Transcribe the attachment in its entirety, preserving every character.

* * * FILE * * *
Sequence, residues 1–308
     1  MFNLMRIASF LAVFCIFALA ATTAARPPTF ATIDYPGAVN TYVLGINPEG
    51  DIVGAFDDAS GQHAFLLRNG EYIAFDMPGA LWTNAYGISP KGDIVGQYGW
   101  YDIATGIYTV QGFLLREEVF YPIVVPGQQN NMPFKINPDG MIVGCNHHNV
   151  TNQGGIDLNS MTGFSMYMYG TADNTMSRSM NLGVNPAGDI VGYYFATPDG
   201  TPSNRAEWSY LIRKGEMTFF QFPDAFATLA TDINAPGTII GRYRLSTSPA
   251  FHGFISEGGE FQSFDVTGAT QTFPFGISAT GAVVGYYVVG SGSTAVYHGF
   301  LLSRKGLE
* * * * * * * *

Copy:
Sequence, residues 1–308
     1  MFNLMRIASF LAVFCIFALA ATTAARPPTF ATIDYPGAVN TYVLGINPEG
    51  DIVGAFDDAS GQHAFLLRNG EYIAFDMPGA LWTNAYGISP KGDIVGQYGW
   101  YDIATGIYTV QGFLLREEVF YPIVVPGQQN NMPFKINPDG MIVGCNHHNV
   151  TNQGGIDLNS MTGFSMYMYG TADNTMSRSM NLGVNPAGDI VGYYFATPDG
   201  TPSNRAEWSY LIRKGEMTFF QFPDAFATLA TDINAPGTII GRYRLSTSPA
   251  FHGFISEGGE FQSFDVTGAT QTFPFGISAT GAVVGYYVVG SGSTAVYHGF
   301  LLSRKGLE